Use of forest products from the Coconino Forest include the annual harvesting of Christmas trees, rock and cinders for landscaping and construction, personal-use fire wood gathering and wilding permits which allow the taking of live plants and trees from the forest for personal use.
Tags for Christmas trees are usually available beginning in November and end just before Christmas. Permits are sold over-the-counter at the Mogollon Rim Ranger District Office, Forest Supervisor's Office and Flagstaff Ranger District Office.
Christmas Tree Permits & Cutting Area: Learn how to obtain a Christmas tree permit and get information about the cutting area for the Coconino National Forest. Information for the upcoming season is announced in the fall. Permit sales and tree cutting generally start a week or so before Thanksgiving.
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Permits for rock, cinder, and sand collecting are available for personal use only.
Flagstaff Ranger District: Malapais and Red Cinders
Permits for collecting rocks and cinders in the Flagstaff Ranger District can be obtained at the Coconino NF Supervisor's Office at 1824 S. Thompson St., Flagstaff, Arizona or the Flagstaff Ranger Station on Hwy 89, Flagstaff, Arizona during regular business hours.
Malapai rock permits are available for $25.00 for up to five tons and are good for 90 days. We have designated areas for collection off I-17 and off Hwy 180.
Maps of the malapais collection areas:
- Ritter west side of I-17 in the Newman Park area [PDF]
- Slate northwest of Flagstaff on the east side of US 180 [PDF]
Red cinders (volcanic ash) permits are available for $21.00 for up to 35 yards and are good for 90 days. The cinder collection area is near Sheep Springs on the Flagstaff Ranger District.
Map to the cinder collection site:
Red Rock Ranger District: Red Rock and River Rock
Landscape red rock at $15 for 3 tons. Landscape river rock or sand is $15 for 7.5 tons.
For more information on these personal use permits, call the Red Rock District Office at 928-203-7500.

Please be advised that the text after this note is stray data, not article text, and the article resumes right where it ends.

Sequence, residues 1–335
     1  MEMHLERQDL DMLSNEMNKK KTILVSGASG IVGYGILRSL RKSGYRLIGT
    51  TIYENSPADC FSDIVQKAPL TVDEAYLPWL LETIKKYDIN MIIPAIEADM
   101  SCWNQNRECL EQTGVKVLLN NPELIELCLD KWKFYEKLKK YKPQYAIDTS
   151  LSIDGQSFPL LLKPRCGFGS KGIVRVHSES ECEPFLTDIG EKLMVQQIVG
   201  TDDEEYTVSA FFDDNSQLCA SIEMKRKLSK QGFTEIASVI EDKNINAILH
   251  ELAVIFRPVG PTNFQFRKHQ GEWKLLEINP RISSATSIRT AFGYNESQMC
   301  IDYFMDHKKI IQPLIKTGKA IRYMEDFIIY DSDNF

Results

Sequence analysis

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The Firewood Cutting Season runs April 16 through December 11, 2016.
One of the most popular recreation activities on the Coconino National Forest isn't usually thought of as a recreation. Every year people come to the Forest from as far away as the Phoenix metropolitan area to harvest their year's supply of firewood. The Coconino provides firewood for personal use both on a free-use permit and a paid permit basis. In either case, a permit must be acquired by anyone harvesting any firewood on the National Forest, except for the rather small amounts used in a campfire and gathered at the campfire site.
For more information and details see Fuelwood Permits & Cutting Season.
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Wood chips are a by-product of forest thinning activities, and are typically made from cutting waste and pine trees that are too small to make useful lumber. Wood chips make excellent landscaping material, helping retain soil moisture, cooling soil temperature, reducing weeds, and adding nutrients to the soil as they decompose. Do research or check with a local specialist before using wood chips in your gardens and plant beds to ensure wood chip mulch is compatible with your plants.
2016: Free wood chip permits are being issued for collecting in the Schultz Pass Road (FR 420) and Elden Springs Road (FR 556) area. Permits may be obtained in person at our Flagstaff offices: Coconino National Forest Supervisor's Office at 1824 S. Thompson St. in Flagstaff, Arizona (8 a.m. - 4 p.m.) or the Flagstaff Ranger Station on Hwy 89, Flagstaff, Arizona (8 a.m. - 4 p.m.).
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Wilding Season: The Fall 2016 wilding season is October 24 through November 27, 2016. Details will be announced when available.
Wilding permits, which authorize collecting live plants and trees from National Forest lands for personal use are available Coconino National Forest Supervisor's Office, the Flagstaff Ranger District, and the Mogollon Rim Ranger District. The Forest typically has two wilding seasons – one in the spring and another in the fall, for about a month each while plants are dormant.
Permits will be available only for coniferous trees (Douglas Fir, White Fir, Ponderosa Pine, Pinyon Pine, and Juniper). Due to the severe decline of Aspen populations across the forest and lack of natural regeneration, Aspen seedlings will not be offered in the permits.
Trees up to 12 feet tall may be dug up; however for the best chance of successful transplanting, foresters recommend that seedlings selected be much smaller in size: less than 4 feet. The fee is $1.00 per foot, with a minimum fee of $20.00 per permit. Maps of designated gathering locations, along with transplanting recommendations, are provided.
For information on our next available permit season, call the Supervisor's Office at (928) 527-3600, the Flagstaff Ranger District at (928) 526-0866, or the Mogollon Rim Ranger District at (928) 477-2255.
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